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March 27–Northern Virginia — HomeAid Northern Virginia, which builds and renovates homeless shelters, transitional houses and other facilities that help homeless people, announced the completion of two renovations that will enable previously-homeless families to have new, safe and comfortable places to live. The $13,600 in renovations enables shelter care providers to channel their funds into what matters most—ending homelessness.

“Every single project we undertake directly benefits the homeless families and individuals who live in this area,” said Michael J. Scheurer, HomeAid Northern Virginia President and Northern Virginia Community Outreach Officer for the Virginia Housing Development Authority. ”Without the ongoing support of the residential building community and their trade partners, we wouldn’t be able to take one so many renovations. Their commitment to each project is outstanding.”

Recently completed projects include:

Conversion of a townhome for Vint Hill Transitional Housing.  HomeAid arranged for Brookfield Homes to convert an empty townhouse in need of serious repairs into a home for a mother and her three daughters, all under age 11. The townhome had been used for storage for the past 11 years, but was renovated so that at family could live in it. The $7,500 in renovations involved updating the bathrooms and kitchen, replacing the washer and dryer, repairing drywall and repainting throughout, installing new flooring and carpeting and updating light fixtures.

“The work they’ve done is amazing,” said Lura Bratcher, program coordinator for the Fauquier Family Shelter, which runs Vint Hill Transitional Housing, “and the fact that it will allow us to house another family is absolutely wonderful.”

Townhouse renovation for Reston Interfaith. Over the last five years, HomeAid has worked to renovate five of Reston Interfaith Housing Corporation’s 47 townhouses, all of which are rented to families and individuals who earn half or less than half of the area median income. The most recently completed project, managed by CarrHomes, involved the renovation of a two-bedroom unit, with work encompassing nearly all aspects of the home, including exterior siding repairs, replacement and painting; interior painting; electrical repairs and upgrades; carpet cleaning; and bathroom repairs. The total value of the project is approximately $6,100.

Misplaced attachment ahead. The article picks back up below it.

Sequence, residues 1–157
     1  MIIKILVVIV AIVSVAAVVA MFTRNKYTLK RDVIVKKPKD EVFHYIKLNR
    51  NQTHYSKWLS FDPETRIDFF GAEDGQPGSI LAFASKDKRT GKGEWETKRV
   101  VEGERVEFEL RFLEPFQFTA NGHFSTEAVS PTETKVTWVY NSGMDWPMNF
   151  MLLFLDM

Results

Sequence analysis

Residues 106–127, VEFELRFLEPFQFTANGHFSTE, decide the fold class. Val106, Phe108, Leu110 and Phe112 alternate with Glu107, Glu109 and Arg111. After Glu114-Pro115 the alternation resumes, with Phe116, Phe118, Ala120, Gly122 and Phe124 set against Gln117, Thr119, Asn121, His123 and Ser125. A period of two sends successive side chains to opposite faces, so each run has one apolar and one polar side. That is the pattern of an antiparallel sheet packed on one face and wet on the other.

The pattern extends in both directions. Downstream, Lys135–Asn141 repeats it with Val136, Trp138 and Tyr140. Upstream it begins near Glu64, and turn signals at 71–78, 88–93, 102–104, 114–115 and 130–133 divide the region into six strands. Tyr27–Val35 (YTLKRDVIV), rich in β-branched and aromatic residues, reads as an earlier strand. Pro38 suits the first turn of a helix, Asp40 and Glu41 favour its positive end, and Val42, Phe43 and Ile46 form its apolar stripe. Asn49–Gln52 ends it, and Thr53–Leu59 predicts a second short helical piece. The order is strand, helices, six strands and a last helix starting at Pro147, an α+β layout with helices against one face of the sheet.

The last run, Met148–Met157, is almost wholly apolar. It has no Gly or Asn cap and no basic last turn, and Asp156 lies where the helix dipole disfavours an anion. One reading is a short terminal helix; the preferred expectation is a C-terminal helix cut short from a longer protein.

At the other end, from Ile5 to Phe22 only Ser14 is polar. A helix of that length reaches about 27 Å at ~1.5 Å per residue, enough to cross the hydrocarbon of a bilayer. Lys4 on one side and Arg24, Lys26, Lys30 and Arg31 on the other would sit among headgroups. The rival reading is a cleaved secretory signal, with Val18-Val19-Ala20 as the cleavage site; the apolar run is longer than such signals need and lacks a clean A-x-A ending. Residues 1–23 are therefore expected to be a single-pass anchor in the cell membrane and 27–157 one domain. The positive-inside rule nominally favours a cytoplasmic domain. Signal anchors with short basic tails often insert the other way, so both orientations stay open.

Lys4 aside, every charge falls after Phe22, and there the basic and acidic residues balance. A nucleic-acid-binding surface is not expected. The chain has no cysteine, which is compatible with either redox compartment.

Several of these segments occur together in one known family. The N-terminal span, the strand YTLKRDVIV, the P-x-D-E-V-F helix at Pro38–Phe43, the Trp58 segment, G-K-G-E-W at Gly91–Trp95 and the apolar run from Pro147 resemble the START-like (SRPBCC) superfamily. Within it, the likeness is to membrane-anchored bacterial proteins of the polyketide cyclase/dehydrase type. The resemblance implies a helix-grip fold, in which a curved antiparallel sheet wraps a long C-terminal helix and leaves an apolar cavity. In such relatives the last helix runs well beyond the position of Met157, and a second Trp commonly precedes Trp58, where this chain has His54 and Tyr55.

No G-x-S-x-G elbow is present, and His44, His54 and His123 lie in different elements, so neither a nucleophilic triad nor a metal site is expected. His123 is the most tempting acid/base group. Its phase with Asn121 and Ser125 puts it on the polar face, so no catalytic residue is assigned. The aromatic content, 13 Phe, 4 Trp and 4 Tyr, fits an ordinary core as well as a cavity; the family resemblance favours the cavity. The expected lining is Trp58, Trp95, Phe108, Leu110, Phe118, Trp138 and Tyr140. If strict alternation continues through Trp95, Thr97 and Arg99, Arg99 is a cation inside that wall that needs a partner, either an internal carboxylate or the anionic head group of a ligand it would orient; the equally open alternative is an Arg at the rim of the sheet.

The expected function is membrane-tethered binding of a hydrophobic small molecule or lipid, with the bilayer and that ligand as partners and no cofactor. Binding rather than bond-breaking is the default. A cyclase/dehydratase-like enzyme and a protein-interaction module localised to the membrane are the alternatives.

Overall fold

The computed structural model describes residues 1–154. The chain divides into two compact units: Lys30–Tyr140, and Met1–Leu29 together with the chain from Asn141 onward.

“HomeAid has been extremely helpful to us, and we consider them a strong partner in our acquisition process,” said Tim McMahon, vice president of Housing and Community Development for Reston Interfaith. “They’ve always stood at the ready for us, and they’ve always been there when we’ve needed help.”

HomeAid is currently managing a 4,000 sq. ft. expansion of the Northern Virginia Family Service’s (NVFS) Family Care Shelter, located at the SERVE campus in Manassas and will begin the renovation of eight studio apartments for Volunteers of America in Loudon County this spring.

For more information about these projects and to find out how to get involved in future renovations, visit www.homeaidnova.org or contact Christy Eaton, executive director, ceaton@nvbia.com.

About HomeAid Northern Virginia
HomeAid Northern Virginia leverages the resources of the homebuilding community and its corporate partners to conduct major renovations to homeless shelters, transitional houses, food banks, medical clinics, counseling centers, and other facilities that help homeless people gain stability and a roof over their heads. HomeAid’s partners and resources help to significantly reduce the construction costs to care provider organizations, thereby allowing them redirect those dollars back into programs and services for these homeless families and individuals. 

HomeAid Northern Virginia was started in 2001 by the members of the Northern Virginia Building Industry Association (NVBIA), and since then has completed more than 67 projects valued at more than $10 million. HomeAid Northern Virginia is a chapter of HomeAid America.